Poll shows wide acceptance of women's right to choose

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Two-thirds of the public believe abortion should be made legally available for all who want it - a 10 per cent increase on 1980, according to the latest opinion poll on the issue, published yesterday. An even larger majority of the public support the right to an abortion where the woman's life or health are in danger or if she has been raped.

Although there is a significant drop in the number of people backing abortion where it is likely the baby would be born mentally or physically handicapped, there is still support from more than two-thirds of the public.

The poll, described as the most definitive study of public attitudes to abortion since 1980, was carried out by MORI. It was commissioned by the Birth Control Trust, which supports the right of women to make their own choices about pregnancy and abortion.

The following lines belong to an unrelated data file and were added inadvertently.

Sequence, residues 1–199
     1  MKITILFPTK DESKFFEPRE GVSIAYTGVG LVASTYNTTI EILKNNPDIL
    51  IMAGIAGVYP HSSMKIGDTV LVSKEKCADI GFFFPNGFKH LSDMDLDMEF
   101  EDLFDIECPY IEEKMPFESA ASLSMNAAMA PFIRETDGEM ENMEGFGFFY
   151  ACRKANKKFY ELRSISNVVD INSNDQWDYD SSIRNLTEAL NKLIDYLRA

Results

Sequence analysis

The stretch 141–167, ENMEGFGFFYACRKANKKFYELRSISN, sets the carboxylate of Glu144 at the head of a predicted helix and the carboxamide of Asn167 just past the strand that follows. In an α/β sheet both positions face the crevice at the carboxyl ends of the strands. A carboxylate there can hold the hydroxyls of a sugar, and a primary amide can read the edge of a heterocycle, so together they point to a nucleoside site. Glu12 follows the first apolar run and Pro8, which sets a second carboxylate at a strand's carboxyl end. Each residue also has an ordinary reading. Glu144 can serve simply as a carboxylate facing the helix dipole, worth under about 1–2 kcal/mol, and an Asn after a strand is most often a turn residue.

There was little difference between the views of men and women. Those aged 25-34 were most likely to back the right to an abortion. And the more affluent an individual was, the more likely he or she was to agree with abortion, although the difference between social classes was not particularly marked.

Surprisingly, 50 per cent of Roman Catholics backed the right to an abortion - contravening the Church's teaching on the matter, compared with 38 per cent who disagreed.